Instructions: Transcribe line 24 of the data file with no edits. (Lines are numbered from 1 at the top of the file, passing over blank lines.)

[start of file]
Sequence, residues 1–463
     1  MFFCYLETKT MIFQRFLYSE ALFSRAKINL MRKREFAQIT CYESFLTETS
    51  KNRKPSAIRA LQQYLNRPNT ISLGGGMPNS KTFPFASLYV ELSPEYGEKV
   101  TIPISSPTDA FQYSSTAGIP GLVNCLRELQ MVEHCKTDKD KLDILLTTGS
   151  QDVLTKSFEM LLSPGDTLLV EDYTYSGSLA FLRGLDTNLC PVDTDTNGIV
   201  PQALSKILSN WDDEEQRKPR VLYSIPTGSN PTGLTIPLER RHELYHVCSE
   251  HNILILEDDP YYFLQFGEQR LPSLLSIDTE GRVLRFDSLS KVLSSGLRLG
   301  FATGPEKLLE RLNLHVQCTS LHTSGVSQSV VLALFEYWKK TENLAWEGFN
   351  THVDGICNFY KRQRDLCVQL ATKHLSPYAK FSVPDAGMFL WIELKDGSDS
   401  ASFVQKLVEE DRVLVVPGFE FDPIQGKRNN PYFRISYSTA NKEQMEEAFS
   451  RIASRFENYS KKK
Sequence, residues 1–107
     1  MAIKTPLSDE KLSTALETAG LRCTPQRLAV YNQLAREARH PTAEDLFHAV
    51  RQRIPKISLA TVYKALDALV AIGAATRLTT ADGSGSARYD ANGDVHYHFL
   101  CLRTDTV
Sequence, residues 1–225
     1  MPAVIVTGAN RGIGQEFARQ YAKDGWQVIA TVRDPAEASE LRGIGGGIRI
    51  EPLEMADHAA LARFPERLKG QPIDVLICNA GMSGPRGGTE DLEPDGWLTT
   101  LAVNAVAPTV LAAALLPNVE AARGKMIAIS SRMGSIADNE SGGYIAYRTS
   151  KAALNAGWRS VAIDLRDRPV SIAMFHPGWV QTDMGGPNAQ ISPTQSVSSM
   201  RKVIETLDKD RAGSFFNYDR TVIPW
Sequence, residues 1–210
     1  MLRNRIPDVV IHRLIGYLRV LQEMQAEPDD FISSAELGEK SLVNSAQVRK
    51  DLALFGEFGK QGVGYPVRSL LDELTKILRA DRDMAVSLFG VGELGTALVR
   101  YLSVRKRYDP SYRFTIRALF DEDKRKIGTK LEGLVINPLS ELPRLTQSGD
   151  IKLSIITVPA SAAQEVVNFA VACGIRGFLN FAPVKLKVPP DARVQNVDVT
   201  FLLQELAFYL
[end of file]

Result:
    51  DLALFGEFGK QGVGYPVRSL LDELTKILRA DRDMAVSLFG VGELGTALVR